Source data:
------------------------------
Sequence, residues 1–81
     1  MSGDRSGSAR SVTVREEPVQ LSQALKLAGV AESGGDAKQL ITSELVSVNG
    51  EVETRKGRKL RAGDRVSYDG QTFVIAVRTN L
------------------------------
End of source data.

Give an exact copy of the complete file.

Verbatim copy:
Sequence, residues 1–81
     1  MSGDRSGSAR SVTVREEPVQ LSQALKLAGV AESGGDAKQL ITSELVSVNG
    51  EVETRKGRKL RAGDRVSYDG QTFVIAVRTN L